"If the particles are in a respirable form, they can do considerable damage -- to the lungs, to the digestive system, to the immune system," said Peter Zimmerman, chairman of the panel that produced the study. "Overall, the effects could be much worse than many of us previously thought."

Guerrilla Smugglers

Dozens of smuggling routes for nuclear and radiological materials have been charted over the past decade, but since 1999 a clear favorite has emerged. Judging from cases reported to police, nuclear traffickers have discovered abundant opportunity in Europe's southeastern flank: the Black Sea and Caucasus states that have long served as a crossroads linking Europe, the Middle East and Asia.

Topping the list is Georgia, the former Soviet republic where huge crowds of demonstrators recently forced President Eduard Shevardnadze to resign. The small nation of 5 million suffers from porous borders, official corruption and rampant smuggling, problems exacerbated by three ethnic rebellions -- in the provinces of Abkhazia and South Ossetia in the north, and Adzharia in the south -- and regular incursions by guerrillas in the eastern region bordering Chechnya (news - web sites). In the conflict zones, trafficking in contraband has gone from a sideline trade to a thriving industry that supports tens of thousands of people, including, by some accounts, leaders of the rebel movements.

"Today, it's smuggling that keeps the separatist movements alive," said Aleko Kupatadze, a black-market specialist at the Transnational Crime and Corruption Center in Tbilisi. "Many of the guerrillas are really professional criminals who sometimes even switch sides. The violence you see has less to do with ethnic conflict than with disagreements over how the spoils are divided."

Radioactive materials are now caught up in the illicit trade. Georgia has been a dumping ground for Soviet-era radioactive hardware and waste, some of it extraordinarily lethal. Abandoned radioactive devices are found regularly in Georgia's rugged hills, often after a villager turns up with severe radiation burns. Two years ago this month, three woodcutters in northern Georgia nearly died of radiation injuries after stumbling across a Soviet-built generator powered by strontium with a radioactivity level of 40,000 curies. Nine such devices have been found in Georgia since the mid-1990s, and as many as three more are feared to be still missing.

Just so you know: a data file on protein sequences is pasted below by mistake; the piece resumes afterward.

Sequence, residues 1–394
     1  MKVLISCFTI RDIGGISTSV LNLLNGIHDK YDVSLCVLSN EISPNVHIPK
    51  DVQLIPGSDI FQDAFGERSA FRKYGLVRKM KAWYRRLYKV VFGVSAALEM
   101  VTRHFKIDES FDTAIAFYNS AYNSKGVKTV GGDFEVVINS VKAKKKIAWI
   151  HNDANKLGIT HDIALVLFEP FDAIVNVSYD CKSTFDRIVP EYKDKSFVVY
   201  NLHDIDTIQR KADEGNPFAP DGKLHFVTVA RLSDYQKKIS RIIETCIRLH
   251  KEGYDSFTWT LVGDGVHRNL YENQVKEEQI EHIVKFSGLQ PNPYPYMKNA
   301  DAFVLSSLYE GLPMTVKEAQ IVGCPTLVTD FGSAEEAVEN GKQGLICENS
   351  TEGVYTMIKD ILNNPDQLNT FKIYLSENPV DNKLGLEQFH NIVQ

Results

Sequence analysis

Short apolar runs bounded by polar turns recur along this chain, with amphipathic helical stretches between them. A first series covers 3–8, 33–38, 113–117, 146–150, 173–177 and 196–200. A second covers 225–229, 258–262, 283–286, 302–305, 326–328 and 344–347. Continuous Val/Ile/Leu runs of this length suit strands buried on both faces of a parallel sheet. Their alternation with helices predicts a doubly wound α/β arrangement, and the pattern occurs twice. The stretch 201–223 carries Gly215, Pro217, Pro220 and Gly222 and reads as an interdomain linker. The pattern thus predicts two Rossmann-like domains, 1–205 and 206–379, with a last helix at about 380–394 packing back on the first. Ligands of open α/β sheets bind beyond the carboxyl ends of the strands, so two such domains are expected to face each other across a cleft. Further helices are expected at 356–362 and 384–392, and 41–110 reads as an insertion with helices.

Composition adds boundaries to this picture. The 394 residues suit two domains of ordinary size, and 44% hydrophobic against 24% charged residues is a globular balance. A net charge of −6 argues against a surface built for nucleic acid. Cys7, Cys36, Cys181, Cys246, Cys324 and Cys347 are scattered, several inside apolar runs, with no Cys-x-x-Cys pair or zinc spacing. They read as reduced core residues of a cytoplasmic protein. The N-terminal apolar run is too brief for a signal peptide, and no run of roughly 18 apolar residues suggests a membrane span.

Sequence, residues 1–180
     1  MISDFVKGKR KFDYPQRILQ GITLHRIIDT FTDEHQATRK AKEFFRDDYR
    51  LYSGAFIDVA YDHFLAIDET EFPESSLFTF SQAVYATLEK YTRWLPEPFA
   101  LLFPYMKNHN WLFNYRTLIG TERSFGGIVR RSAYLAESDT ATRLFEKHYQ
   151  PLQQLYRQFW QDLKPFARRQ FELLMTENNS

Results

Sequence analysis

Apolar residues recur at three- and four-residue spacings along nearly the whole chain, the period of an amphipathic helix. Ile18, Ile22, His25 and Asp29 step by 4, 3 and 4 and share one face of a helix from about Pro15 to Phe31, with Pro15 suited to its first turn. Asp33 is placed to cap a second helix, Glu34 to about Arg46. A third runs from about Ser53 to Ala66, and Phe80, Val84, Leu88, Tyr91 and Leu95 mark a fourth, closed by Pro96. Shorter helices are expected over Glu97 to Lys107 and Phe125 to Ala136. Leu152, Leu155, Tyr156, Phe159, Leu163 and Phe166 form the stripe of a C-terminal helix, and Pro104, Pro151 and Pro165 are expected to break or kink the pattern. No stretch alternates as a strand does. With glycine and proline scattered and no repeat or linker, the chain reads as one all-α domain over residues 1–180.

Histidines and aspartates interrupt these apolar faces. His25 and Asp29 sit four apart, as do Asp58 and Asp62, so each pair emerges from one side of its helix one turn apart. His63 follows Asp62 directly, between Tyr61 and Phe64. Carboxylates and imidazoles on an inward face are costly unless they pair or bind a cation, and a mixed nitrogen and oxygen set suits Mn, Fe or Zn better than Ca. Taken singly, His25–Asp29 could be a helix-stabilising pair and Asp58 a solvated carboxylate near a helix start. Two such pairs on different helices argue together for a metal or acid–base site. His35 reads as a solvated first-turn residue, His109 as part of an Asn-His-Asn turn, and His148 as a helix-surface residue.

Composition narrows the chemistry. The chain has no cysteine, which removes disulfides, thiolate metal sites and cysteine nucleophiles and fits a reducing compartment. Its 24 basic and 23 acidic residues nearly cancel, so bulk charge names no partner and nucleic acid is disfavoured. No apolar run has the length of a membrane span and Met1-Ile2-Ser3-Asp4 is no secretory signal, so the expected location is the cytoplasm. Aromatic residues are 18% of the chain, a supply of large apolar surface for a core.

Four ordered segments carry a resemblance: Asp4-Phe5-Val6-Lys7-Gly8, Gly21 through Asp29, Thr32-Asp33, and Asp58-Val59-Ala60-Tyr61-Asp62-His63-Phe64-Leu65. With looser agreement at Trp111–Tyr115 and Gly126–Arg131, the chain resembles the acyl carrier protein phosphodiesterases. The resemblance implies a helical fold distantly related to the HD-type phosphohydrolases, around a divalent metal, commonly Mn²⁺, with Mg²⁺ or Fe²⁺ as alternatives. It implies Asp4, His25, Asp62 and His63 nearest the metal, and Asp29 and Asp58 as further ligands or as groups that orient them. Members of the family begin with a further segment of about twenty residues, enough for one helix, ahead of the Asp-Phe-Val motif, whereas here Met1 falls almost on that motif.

"We inherited chaos. Radiological equipment has turned up in garbage dumps, even in sewage," said Dato Bakradze, director of international security and conflict management for Georgia's National Security Council. The possibility that Georgian terrorists or separatists might obtain one of the devices, he said, poses a "direct physical danger to our own country."

Since the early 1990s, Georgian police have been intercepting radioactive flotsam from amateur sellers hoping to profit from their discoveries. Lately, the materials offered for sale have become more sophisticated, and so have the traffickers.

At least three times since 1999, officials have discovered kilogram-quantity caches of uranium in vehicles leaving or entering Georgia. In the most recent case, on June 26, just over a pound of uranium was seized at the Georgia-Armenia border by guards armed with U.S.-supplied radiation detectors, according to Georgian security officials. Tests to determine the origin and enrichment level of the uranium were carried out with the help of U.S. Energy Department officials. The agency has declined to release the results. Georgian officials say they believe the material originated in Russia and was being transported through Georgia for resale in Iran.